A friend who is vaccinated asked how unvaccinated people could justify their right to move about freely when doing so takes away his right to do the same. He believes that vaccine passports are a good solution to the problem of balancing the right to bodily autonomy, which he supports, in theory, with the right of others to work, learn and socialize without fear of infection. He argued that just like the unvaccinated want the right to live in society normally, so too does he want the right to avoid situations with unvaccinated people, whom he believes increase his risk. His phrasing obscures exactly what it is that he is claiming a right to, but a little thought indicates that he is claiming a right to safety. Further, he sees the right to be free from risk of infection as equivalent or greater than the right to be free.
I think the idea that everyone has a “right to be safe” is a common and very destructive confusion that is growing in our culture. We seem to be coming to a place societally that values safety over life well-lived, and certainly over freedom. When safety is valued so highly, nearly anything can be justified with an appeal to it. If we want to thrive as human beings, we have to keep safety in its place – in a long continuum between due diligence and recklessness, not at the apex of a decision tree for “right action.”
My husband and I went out to dinner with an old friend last Friday. We talked about the scandal embroiling the place we met and formed our friendship, a summer camp for kids in the Blue Ridge Mountains. Several women alleged last year that when they were campers, they had experienced unwanted sexual contact with other campers. The organization running the camp launched an independent investigation and issued findings, but victims filed a multi-million dollar suit against them. To make a long story short, the camp is no more. Our friend told us that in speaking to people who supported the aggressive nature of the suit, she found that they felt that closing the camp for good was the only way to ensure that no child would ever be assaulted there again. She sympathized with that idea, asking whether, she, if a director, could ever feel comfortable taking responsibility for children if she weren’t 100% certain that she could guarantee their safety to their parents. We talked about prudent actions a camp should take to keep kids safe, but in the end agreed that it would never be possible to ensure kids were spared from sexual assault at that camp or any other.
We were three people of many who loved this camp, and found it formative. It operated for over 40 years in a gorgeous valley with wildflower meadows, camp fire rings, a huge garden, forest, a pond. It is the reason I not only love nature the way I do, but also feel deeply at home outside. I met my husband and many lifelong friends in that valley. It made my siblings and I much closer. It’s where I learned how to be myself. I am a different person in many positive ways because of that camp and I know it’s the same for others. How do you weigh gifts such as these with the harm others experienced?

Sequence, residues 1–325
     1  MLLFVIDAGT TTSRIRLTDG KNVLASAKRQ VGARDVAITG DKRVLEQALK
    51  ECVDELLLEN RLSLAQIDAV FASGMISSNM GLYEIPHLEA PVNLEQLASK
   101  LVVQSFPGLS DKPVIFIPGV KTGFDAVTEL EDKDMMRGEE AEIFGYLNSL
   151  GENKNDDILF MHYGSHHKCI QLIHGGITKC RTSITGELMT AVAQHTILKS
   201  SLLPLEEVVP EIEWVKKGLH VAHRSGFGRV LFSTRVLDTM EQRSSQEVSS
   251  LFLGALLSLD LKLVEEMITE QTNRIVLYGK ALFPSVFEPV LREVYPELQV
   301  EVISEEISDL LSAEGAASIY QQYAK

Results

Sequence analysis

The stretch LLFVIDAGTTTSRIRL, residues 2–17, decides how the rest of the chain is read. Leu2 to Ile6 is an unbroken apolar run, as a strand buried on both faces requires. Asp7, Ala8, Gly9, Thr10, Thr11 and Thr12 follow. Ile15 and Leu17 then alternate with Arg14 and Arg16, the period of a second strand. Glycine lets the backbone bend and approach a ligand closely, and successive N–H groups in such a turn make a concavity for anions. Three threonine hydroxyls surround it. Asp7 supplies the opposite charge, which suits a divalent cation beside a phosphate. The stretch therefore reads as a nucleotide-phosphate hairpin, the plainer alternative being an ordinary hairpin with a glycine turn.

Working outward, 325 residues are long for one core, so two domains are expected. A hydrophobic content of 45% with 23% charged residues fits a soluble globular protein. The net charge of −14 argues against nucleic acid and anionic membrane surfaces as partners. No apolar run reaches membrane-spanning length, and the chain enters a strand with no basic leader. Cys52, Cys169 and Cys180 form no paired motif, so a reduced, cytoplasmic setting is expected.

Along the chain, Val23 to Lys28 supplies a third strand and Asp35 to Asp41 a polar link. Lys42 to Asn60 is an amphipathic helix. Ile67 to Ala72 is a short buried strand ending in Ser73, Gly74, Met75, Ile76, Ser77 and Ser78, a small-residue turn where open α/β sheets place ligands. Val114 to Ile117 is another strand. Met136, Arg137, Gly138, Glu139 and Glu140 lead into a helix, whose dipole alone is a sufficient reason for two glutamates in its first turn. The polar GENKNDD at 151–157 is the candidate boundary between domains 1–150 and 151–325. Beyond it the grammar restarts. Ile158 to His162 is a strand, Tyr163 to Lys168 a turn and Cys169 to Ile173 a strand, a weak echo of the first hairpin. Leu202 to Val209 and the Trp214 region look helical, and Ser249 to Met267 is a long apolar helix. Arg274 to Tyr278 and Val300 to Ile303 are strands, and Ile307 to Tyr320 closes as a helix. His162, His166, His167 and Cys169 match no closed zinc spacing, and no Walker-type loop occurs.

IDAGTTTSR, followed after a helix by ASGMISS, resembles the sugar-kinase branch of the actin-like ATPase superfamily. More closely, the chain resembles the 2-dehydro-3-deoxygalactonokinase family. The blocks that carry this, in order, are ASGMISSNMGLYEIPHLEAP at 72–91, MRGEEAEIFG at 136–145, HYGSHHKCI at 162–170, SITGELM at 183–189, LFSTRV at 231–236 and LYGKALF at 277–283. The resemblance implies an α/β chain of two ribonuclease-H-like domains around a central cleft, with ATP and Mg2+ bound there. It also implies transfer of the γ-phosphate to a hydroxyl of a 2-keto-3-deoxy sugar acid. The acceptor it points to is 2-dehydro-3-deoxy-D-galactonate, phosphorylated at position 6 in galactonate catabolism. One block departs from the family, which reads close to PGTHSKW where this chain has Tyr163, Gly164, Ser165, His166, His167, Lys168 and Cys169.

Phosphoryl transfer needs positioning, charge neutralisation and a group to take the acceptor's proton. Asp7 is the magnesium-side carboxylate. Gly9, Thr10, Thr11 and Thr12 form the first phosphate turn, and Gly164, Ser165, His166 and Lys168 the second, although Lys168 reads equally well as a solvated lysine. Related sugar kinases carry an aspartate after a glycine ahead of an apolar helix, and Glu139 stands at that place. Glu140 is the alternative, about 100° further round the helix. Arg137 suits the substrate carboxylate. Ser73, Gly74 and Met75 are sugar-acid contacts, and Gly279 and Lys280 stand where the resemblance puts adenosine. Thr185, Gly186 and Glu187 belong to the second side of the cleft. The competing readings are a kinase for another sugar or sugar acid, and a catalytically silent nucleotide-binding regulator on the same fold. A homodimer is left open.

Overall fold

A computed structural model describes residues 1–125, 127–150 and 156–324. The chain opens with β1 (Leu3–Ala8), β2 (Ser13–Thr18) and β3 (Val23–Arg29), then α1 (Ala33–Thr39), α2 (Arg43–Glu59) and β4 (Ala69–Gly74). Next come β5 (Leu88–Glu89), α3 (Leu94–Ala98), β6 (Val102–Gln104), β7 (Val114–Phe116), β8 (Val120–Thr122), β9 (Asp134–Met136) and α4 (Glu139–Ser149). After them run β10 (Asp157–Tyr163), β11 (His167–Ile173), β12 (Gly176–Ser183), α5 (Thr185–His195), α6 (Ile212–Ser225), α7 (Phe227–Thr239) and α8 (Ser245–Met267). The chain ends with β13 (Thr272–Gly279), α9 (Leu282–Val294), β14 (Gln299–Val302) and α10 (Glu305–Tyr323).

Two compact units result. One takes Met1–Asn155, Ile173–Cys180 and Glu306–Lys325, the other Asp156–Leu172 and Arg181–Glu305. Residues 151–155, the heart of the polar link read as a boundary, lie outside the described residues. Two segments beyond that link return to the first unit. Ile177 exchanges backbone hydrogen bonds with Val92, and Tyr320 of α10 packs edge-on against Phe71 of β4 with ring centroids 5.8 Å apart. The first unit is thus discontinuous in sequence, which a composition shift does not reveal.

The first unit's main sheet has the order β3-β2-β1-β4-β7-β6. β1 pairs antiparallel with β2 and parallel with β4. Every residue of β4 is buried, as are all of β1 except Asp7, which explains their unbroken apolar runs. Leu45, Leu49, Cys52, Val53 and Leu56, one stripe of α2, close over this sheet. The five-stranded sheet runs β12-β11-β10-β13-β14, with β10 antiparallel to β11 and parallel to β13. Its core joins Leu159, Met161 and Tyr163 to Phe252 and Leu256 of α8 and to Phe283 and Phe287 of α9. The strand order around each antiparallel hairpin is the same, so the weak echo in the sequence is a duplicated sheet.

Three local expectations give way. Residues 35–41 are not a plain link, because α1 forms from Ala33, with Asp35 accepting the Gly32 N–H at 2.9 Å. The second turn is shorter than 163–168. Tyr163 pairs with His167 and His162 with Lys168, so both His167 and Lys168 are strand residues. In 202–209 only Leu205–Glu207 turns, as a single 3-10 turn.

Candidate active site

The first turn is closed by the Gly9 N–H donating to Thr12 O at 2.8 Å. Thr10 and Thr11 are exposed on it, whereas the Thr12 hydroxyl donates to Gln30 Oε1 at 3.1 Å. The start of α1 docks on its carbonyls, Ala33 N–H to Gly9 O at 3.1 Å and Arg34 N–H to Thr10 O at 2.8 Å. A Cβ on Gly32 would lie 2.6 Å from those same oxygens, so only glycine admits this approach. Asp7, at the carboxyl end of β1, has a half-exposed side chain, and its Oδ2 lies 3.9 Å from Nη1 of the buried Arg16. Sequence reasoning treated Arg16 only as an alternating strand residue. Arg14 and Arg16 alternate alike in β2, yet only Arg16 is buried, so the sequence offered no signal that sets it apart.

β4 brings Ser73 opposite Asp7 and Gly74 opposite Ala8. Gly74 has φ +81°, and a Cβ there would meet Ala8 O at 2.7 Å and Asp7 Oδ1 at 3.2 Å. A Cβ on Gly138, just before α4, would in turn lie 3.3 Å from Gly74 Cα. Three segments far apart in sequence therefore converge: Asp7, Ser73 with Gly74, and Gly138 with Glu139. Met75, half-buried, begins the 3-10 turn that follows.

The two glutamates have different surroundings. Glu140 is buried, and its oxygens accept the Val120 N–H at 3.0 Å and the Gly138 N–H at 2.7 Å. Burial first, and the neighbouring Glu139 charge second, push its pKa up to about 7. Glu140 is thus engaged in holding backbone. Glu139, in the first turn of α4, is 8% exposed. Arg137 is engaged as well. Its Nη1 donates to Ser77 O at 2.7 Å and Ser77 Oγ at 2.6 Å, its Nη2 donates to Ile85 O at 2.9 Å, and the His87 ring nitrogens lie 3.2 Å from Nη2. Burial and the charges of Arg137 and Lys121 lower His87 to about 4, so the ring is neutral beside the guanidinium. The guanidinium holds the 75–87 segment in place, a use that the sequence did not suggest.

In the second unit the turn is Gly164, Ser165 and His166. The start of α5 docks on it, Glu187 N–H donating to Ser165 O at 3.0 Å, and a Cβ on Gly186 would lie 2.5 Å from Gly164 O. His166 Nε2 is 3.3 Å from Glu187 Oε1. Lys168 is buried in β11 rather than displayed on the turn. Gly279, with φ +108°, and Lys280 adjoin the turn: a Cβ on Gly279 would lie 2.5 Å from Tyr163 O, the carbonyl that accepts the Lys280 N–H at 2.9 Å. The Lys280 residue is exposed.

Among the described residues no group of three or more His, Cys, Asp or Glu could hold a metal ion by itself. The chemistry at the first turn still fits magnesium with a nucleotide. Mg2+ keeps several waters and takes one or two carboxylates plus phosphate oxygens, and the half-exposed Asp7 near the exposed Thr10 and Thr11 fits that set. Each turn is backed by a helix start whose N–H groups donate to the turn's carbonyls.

People supporting the suit against the camp clearly feel that the need to keep kids safe outweighs the potential harm done by closing the camp. I disagree. Kids going to a summer camp are not guaranteed safety there anymore than they are guaranteed it in life – not even from sexual assault. The fact that kids can and do die at summer camps is not a reason not to send your kids to one, even though your child, too, could die. Your child, my child, could die at nearly any moment. We can’t change this ultimate fact and striving too much to do so costs too much. Keeping kids safe has to be balanced with giving them the freedom to explore, meet and connect with others, learn, and be physically active. To do otherwise is to condemn kids to half a life at best.
So no, I don’t think my vaccinated friend, or anyone else, has a right to be safe from infection now or ever. Trillions of viruses floating everywhere cannot be controlled. In contrast, we have much more control over our own defenses, whether through a healthy immune system or vaccination, than we do over what we are exposed to. Some may feel that preventing unvaccinated people from accessing everyday places like schools and offices is simply prudent precaution, the same way that proper supervision is at a summer camp. This argument simplifies to the belief, though, that some peoples’ right to feel safe trumps others’ right to bodily autonomy. Do people really believe this? If they do, perhaps they are not considering the degree to which the perception of safety (an inherently vague concept) can be manipulated, nor the degree of harm done by segregating people based on the pharmaceutical products they are, or are not, willing to use.
I think it’s clearly the other way around – society has a much stronger obligation to safeguard our right to bodily autonomy than to keep us safe. Keeping people safe from contagious infection is not actually within society’s power, any more than it is possible for summer camps to guarantee safety. The best we can hope for is to reduce risk, at the unacceptable cost, in the case of the covid pandemic, of creating a new group of second-class citizens. The “right” to safety, also, should be conceived of as subsumed by the right to bodily autonomy because bodily autonomy is a necessary, although not sufficient, condition for safety and not the other way around. You may or may not be “safe” when you have an intact right to make your own medical decisions. However, you will never be safe if you can be forced to alter your body at authority’s behest, on pain of exclusion from normal society.
Addendum: Connection requires freedom